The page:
Pregnant NYU Silver student denied remote learning accommodations

After reaching out to professors and several university departments, a Silver graduate student with health concerns reported being repeatedly denied learning accommodations.


Samson Tu

The NYU Silver School of Social Work is located at 1 Washington Square N. One student was denied desk accommodations in a Silver classroom. (Staff Photo by Samson Tu)

 Bryn Borzillo and Joyce Li

When Jennifer Bryant, a graduate student in the Silver School of Social Work, arrived on Feb. 17 at her first in-person class of the spring semester, she was expecting one accommodation — a bigger desk. Instead, Bryant — on bed rest due to pregnancy complications — was forced to use a makeshift work area made by combining two chairs.

Bryant and other students with health conditions said they have struggled to obtain reasonable support from faculty and university offices, instead facing communication difficulties and rejected accommodation requests. Although NYU defends its decisions, students say they are being placed at an academic disadvantage compared to their peers.

In November 2021, Bryant sent a request to take her spring 2022 classes online to NYU’s Title IX department, which is responsible for preventing gender-based discrimination in education programs. A week before the start of the semester, she was informed that her request had been denied by the dean. She then requested a wheelchair and a bigger desk.

“It’s sad because we’re supposed to be getting the training to go out into the world to fight against these oppressive systems, to push back against injustice, and it’s just like, ‘You want us to do all of this but you don’t want us to do it to you?’” Bryant said. “This is unjust.” 

Bryant sent an email to an associate dean at Silver on Feb. 17 to confirm that a larger desk would be available in her classroom. The dean forwarded her email to the Title IX department, but a coordinator was reportedly unable to process the request. The coordinator wrote in an email that the classroom had been moved, leading to an internal miscommunication.

Bryant said Silver denied her initial request to take courses online since the accommodation would hinder the school’s ability to administer effective clinical classes. Representatives from the Office of Equal Opportunity and Silver agreed that the refusal to provide remote accommodations was “within the university’s guidelines for academic accessibility requests,” according to an email from the dean to Bryant.

“I’m really hopping through hoops just to get this degree,” Bryant said. “I’m at the point where they could just slip my damn degree under a door. I don’t even need to attend graduation. That’s where I’m at.”

Previous accommodations denied

Bryant had previously reached out to the Title IX department, requesting in November 2021 to take the remainder of her fall 2021 classes online. After a week-long delay during which Bryant missed several classes, she was told that only two of her courses would be available virtually, while the third would be recorded and sent to her.

However, when Bryant received the recording of her first class from her professor, it was only an audio file. When she emailed her professor asking if it were a technical issue, her professor said that they would not share their slides. 

“It broke me,” Bryant said. “I wasn’t able to sleep all night, having all these anxiety attacks about just failing this class. I didn’t know how I was supposed to make it.”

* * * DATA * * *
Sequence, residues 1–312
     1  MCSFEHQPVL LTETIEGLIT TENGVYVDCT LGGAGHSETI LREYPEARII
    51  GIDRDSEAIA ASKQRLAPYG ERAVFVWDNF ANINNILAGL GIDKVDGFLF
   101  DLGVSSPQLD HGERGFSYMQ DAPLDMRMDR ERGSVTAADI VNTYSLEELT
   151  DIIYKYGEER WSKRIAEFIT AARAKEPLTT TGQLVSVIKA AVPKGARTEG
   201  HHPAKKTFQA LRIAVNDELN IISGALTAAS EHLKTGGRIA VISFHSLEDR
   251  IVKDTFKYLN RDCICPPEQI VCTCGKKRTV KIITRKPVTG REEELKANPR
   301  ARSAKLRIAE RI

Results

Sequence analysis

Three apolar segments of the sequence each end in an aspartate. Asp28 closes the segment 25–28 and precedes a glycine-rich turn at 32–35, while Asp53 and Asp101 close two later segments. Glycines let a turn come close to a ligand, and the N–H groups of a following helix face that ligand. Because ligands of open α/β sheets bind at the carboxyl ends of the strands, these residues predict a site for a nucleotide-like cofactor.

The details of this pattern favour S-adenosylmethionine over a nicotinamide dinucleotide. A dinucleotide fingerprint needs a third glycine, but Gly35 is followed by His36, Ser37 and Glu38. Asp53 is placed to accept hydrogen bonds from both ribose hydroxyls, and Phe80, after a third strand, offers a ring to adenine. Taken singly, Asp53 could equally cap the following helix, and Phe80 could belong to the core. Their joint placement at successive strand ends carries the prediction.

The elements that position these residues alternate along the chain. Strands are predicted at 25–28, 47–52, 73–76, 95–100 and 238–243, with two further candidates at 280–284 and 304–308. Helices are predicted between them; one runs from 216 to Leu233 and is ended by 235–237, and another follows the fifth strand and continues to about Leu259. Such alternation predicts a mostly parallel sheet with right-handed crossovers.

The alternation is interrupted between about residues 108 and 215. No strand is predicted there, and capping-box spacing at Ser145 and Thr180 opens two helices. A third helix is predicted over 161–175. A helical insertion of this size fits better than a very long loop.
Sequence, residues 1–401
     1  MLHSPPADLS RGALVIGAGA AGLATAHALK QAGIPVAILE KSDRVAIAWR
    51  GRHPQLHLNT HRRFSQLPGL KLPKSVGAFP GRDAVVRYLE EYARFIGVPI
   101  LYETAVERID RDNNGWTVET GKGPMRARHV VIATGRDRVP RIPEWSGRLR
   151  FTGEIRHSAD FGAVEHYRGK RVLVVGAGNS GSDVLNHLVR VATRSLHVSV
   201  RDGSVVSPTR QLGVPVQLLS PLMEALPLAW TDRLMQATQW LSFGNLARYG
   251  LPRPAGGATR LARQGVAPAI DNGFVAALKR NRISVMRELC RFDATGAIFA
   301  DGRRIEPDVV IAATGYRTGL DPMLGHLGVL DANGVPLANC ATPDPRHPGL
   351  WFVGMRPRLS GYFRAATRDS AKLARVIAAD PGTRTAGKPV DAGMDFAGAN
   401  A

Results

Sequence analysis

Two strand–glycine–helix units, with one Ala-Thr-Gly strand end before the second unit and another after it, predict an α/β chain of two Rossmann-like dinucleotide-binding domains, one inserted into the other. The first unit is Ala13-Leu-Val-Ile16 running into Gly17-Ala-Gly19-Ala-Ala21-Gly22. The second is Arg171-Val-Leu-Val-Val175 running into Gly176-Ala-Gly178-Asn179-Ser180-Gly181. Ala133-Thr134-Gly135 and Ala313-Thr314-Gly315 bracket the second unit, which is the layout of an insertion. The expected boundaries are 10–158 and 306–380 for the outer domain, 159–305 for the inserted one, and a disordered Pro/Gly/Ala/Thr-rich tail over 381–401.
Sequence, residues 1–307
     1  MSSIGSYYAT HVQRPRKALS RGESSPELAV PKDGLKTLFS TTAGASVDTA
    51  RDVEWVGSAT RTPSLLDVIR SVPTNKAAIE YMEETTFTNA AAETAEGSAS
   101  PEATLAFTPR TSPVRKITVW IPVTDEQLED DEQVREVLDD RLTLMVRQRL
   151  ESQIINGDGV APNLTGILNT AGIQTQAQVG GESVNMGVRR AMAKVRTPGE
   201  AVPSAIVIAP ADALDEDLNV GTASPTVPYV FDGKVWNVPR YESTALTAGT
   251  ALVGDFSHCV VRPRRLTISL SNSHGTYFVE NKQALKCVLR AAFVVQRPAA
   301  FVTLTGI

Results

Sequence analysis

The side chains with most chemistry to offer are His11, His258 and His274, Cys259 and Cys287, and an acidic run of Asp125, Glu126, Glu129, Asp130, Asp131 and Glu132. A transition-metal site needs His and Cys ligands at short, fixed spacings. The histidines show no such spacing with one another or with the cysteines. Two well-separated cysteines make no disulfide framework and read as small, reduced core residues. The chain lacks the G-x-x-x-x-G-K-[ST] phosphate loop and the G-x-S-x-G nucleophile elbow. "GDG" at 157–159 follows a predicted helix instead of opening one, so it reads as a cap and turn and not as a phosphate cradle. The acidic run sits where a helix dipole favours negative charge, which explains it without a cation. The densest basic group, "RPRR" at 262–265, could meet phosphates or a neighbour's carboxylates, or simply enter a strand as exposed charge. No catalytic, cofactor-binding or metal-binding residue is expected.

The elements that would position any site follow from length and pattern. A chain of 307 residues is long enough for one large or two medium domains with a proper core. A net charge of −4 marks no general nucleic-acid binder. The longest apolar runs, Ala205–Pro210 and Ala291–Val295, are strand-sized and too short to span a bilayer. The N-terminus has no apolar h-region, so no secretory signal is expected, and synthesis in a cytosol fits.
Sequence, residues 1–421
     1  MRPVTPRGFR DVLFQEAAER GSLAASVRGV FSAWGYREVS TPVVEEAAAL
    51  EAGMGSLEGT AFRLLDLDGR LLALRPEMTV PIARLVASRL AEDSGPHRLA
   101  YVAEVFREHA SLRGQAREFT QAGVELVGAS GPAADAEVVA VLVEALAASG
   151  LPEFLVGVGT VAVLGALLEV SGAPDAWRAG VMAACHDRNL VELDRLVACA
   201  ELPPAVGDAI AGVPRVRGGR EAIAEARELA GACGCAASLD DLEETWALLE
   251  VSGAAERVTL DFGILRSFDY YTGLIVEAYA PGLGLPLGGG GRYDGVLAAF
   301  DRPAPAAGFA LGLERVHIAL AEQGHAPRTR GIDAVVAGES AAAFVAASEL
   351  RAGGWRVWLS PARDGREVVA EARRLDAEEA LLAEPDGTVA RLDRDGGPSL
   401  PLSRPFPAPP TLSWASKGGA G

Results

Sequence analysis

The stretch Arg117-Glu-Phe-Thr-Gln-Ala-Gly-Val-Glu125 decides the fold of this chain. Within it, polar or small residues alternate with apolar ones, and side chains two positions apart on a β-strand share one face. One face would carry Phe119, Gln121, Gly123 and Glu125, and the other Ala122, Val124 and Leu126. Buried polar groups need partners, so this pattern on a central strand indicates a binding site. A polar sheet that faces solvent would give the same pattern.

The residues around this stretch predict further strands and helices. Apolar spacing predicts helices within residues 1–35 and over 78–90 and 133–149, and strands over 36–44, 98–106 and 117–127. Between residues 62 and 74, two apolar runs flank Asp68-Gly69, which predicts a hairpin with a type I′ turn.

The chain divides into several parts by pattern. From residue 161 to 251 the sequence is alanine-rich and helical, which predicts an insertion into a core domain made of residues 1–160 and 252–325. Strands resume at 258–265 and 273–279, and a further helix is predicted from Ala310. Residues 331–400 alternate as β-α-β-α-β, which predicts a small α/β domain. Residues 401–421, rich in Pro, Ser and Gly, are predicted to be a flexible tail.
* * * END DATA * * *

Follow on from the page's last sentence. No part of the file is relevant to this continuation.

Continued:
Bryant also learned that the professor had distributed handouts during class that they did not send to her. She was able to complete the course, compensating for missed instruction with online videos.

“It’s just about showing my voice, showing that no matter what, you’re going to come against these obstacles and you just have to continue to push,” Bryant said. “That’s exactly what I’ve been doing, I’ve been pushing. But I’m just tired. I don’t feel like I should have to fight.”

Bryant is not the only student facing issues with accommodations. She said that when she posted about her situation to a private Facebook group for Silver students working toward master’s degrees in social work, she received more than a hundred comments, many of which recounted similar experiences.

NYU responds to student concerns

NYU spokesperson Shonna Keogan said that individual departments, faculty and administrators are not responsible for class accommodations for students. She added that each case is reviewed by multiple teams.

“Ultimately, we all share the same goal: to make the NYU experience as accessible as possible to all students,” Keogan wrote in a statement to WSN. “Our staff work hard to achieve this by having qualified personnel assess each case with efficiency and compassion, while concurrently ensuring the quality of the education we endeavor to provide remains intact.”

Bryant believes that she did not receive the accommodations needed to have the same quality of education as her peers. She said students should continue to advocate for themselves and hopes that NYU administration will better support community members who need accommodations.

“This is something that’s been happening in Silver for a very long time, and nobody apparently wanted to speak out,” Bryant said. “If somebody did speak out, they were intimidated.”

Correction, March 27: A previous version of this article incorrectly reported the status of Bryant’s accommodation request. Bryant’s request for a wheelchair and bigger desk were not explicitly denied, but were merely never fulfilled. WSN regrets the error.

The headline has been updated to better reflect the article. 

Contact Bryn Borzillo and Joyce Li at [email protected].